I find this second type disgusting and offensive. I used to practice some of this second type, since it is more or less what I was raised with and the sort of society I have been around most of my life. But it is really ignoble. Men especially, and philosophers especially, should refrain from partaking in this second type and stick to the first type only. Ironically this will cause women and others who are second-typers to actually respond better not only for your own sake of obtaining X but also for their own sake as well. Direct valuing leads to healthier valuing all around.

 

___________
“Be clever, Ariadne! ...
You have little ears; you have my ears:
Put a clever word in them! —
Must one not first hate oneself, in order to love oneself? ...
I am your labyrinth ...”.  -N

“A man is not great if he is not small, and he is not small if he is not great. Concepts flirt with the loss of their significance in the oscillation between ambiguous states, and this is in part the function and purpose of concepts.” -Primer on Meaning
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individualized
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PostSubject: Re: Wanting/valuing types    Wanting/valuing types  Icon_minitimeSun Sep 24, 2017 6:35 am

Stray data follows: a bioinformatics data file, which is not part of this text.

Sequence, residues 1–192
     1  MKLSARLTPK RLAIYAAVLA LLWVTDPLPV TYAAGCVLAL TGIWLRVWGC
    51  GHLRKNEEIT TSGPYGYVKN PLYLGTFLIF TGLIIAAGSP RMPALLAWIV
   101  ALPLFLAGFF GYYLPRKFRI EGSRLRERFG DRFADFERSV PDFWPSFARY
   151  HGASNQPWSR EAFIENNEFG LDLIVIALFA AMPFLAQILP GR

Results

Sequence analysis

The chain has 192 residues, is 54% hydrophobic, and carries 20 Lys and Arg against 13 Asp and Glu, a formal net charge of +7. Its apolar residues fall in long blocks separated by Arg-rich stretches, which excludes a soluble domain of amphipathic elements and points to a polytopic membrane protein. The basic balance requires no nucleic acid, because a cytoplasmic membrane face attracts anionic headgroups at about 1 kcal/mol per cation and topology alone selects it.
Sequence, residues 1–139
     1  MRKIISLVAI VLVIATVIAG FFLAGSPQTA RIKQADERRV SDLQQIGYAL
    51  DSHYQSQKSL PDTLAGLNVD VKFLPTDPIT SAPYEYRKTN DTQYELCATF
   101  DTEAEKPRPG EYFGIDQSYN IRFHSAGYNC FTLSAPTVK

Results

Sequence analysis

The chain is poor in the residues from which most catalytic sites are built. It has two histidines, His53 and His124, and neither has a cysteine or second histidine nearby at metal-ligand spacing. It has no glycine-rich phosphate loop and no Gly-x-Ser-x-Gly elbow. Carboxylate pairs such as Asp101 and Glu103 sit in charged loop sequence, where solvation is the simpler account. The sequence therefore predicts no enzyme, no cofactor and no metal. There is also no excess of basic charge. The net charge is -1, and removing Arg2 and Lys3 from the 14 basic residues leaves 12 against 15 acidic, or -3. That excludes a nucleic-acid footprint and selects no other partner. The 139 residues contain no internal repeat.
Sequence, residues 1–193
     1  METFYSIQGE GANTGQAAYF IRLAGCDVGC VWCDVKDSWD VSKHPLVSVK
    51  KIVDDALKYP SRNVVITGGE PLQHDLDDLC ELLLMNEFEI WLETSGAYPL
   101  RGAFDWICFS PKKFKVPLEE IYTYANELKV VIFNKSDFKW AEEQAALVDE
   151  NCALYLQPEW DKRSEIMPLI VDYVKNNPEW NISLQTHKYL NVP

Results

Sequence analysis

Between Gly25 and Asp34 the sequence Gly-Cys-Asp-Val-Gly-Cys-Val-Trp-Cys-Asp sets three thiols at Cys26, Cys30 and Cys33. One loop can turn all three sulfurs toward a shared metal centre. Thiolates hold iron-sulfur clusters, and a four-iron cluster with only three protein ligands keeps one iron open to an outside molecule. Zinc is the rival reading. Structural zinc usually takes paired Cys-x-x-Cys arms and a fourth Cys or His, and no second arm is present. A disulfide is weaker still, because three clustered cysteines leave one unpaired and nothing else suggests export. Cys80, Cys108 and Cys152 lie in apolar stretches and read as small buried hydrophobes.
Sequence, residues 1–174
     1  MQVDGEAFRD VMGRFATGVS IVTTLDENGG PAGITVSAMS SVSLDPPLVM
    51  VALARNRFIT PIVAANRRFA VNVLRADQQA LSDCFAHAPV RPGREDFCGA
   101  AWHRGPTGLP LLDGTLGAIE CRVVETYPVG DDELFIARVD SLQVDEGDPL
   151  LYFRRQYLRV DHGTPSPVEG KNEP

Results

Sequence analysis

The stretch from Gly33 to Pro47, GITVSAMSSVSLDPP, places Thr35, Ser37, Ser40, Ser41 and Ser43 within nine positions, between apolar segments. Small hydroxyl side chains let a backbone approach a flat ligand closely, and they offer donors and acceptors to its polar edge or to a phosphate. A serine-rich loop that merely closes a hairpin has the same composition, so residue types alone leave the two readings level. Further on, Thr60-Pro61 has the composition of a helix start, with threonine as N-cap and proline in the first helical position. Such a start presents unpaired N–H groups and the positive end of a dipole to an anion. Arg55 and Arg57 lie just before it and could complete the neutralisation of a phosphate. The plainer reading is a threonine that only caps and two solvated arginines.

A prime example of a place that has lost its ability to self-valuing as direct wanting: India. Although I am not sure to what extent India ever had this ability in the first place.

 

___________
“Be clever, Ariadne! ...
You have little ears; you have my ears:
Put a clever word in them! —
Must one not first hate oneself, in order to love oneself? ...
I am your labyrinth ...”.  -N

“A man is not great if he is not small, and he is not small if he is not great. Concepts flirt with the loss of their significance in the oscillation between ambiguous states, and this is in part the function and purpose of concepts.” -Primer on Meaning